free verse

(redirected from Prose rhythm)
Also found in: Dictionary, Encyclopedia.
Graphic Thesaurus  🔍
Display ON
Animation ON
Legend
Synonym
Antonym
Related
  • noun

Synonyms for free verse

unrhymed verse without a consistent metrical pattern

Synonyms

Related Words

References in periodicals archive ?
Whatever it was he was hearing I couldn't exactly hear, but the fact that he recognized prose rhythm (or the lack thereof) in my tawdry little tale brought me to the belief finally that the damned thing did exist.
Conflicting patterns of prose rhythm and meter must be accommodated in a pattern of performance.
He had praised Pater's style, as we have seen, and he was to praise it again and again in the future; (33) and in A History of English Prose Rhythm (1912), he showed how admirably passages of Pater's writing scanned as prose.
Broadhead, Latin Prose Rhythm (Cambridge, 1922), Ch.
The next chapter, "Authorship," evaluates stylistic elements: mean sentence length, common pronouns (houtos and autos), frequency of the definite article, prose rhythm.
The political and literary scene was dominated by Cicero, a statesman, orator, poet, critic, and philosopher who perfected the Latin language as a literary medium, expressing abstract and complicated thoughts with clarity and creating the important quantitative prose rhythm.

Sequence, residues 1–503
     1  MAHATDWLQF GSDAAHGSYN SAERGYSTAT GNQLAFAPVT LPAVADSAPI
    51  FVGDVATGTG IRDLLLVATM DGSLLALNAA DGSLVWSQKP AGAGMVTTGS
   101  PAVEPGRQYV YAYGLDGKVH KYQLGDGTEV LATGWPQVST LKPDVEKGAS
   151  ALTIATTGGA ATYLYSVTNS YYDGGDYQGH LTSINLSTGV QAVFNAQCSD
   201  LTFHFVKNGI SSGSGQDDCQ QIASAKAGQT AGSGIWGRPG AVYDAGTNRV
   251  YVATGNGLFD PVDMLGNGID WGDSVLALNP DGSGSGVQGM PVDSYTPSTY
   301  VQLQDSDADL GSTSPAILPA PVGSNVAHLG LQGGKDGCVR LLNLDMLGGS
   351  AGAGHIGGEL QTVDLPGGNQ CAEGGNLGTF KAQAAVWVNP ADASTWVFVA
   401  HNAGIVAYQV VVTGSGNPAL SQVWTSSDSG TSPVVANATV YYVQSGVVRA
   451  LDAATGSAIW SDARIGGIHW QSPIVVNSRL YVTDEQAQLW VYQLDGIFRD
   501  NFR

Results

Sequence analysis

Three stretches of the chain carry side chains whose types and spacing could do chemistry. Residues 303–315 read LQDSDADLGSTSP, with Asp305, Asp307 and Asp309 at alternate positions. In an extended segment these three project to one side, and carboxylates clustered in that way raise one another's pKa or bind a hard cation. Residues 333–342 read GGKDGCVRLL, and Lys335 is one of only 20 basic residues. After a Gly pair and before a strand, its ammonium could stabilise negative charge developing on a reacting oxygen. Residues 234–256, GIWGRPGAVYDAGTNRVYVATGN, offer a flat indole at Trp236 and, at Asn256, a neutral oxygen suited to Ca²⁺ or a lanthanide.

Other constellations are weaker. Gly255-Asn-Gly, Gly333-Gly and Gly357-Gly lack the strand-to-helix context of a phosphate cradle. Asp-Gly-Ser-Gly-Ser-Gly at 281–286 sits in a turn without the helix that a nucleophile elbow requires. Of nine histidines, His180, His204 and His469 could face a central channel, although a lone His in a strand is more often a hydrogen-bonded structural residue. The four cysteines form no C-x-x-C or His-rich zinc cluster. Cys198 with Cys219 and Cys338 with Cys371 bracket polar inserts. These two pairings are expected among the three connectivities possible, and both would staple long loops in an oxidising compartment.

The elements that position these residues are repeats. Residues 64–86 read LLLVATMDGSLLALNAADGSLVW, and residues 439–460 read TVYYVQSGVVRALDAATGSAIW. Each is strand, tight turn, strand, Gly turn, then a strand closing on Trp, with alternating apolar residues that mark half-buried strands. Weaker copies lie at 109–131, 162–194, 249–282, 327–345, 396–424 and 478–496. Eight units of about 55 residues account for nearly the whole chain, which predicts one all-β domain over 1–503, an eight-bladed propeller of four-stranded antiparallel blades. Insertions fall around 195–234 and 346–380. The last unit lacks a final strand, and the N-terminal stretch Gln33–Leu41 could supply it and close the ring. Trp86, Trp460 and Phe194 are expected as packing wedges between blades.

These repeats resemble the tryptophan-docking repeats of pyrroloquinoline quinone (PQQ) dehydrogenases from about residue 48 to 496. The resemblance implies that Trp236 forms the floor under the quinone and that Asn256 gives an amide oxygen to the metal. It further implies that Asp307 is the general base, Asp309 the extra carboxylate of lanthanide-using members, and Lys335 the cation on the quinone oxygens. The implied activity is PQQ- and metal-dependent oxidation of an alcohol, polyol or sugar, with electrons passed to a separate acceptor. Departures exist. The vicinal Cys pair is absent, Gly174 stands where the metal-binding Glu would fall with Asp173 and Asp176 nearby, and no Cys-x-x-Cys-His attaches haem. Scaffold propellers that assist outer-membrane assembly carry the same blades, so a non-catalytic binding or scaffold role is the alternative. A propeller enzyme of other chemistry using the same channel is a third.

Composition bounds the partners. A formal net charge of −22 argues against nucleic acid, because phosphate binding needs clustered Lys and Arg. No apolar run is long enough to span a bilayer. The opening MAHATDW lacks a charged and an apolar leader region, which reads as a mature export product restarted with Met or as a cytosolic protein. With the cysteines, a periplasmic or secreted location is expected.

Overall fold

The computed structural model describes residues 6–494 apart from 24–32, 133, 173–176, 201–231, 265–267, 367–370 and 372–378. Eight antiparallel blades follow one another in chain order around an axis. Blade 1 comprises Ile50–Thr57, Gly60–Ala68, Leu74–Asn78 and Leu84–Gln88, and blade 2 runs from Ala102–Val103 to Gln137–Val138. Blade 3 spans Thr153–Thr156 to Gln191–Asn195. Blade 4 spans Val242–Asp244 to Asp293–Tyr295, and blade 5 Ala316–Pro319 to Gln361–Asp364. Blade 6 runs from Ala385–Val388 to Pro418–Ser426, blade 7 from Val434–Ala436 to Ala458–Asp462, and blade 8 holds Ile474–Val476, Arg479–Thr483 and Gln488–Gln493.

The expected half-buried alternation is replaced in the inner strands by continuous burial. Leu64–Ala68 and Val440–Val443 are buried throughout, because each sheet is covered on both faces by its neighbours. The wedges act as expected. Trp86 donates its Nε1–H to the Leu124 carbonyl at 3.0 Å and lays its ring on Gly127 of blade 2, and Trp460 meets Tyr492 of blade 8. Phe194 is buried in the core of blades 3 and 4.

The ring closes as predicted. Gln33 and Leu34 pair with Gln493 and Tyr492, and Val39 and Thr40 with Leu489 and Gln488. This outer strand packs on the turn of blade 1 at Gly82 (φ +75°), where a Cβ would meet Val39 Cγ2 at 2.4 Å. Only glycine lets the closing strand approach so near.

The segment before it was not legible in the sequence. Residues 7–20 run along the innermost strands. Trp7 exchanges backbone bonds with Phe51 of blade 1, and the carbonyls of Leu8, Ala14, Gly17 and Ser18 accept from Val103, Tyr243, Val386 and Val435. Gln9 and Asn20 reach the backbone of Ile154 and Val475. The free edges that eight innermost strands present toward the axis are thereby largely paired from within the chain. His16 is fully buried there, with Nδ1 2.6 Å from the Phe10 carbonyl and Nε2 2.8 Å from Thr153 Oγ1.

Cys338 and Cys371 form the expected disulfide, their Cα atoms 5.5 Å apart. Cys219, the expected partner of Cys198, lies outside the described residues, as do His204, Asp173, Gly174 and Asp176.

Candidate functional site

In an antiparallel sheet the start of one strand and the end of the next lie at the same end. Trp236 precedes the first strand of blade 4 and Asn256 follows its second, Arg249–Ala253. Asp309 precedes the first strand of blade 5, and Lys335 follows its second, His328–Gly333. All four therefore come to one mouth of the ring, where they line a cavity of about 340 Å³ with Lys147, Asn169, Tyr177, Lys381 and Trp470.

Another appendix assesses (with negative results) the evidence for deliberate use of prose rhythm (clausus) in Agricola's letters.
1906-10), the supplementary Historical Manual of English Prosody (1910), and the complementary History of English Prose Rhythm (1912).
And yet, a discipline governs the prose rhythms and drives the sentences forward, one sentence spilling into the next.
When one looks at the first facsimile with its opening enthymeme (which follows to the letter what Petrarch read in his "tattered" Quintilian)--and sees, reads, and hears the pulsating two and three syllable chains, hallmarks of the text, interlacing with strategically placed prose rhythms as profiling demarcations and compound end cadences, one cannot but regret that the introduction altogether ignores Petrarch's "official" Latin discourse and its textual equilibristics--Guido Martellotti's impalcatura ritmica the medievals looked and listened for.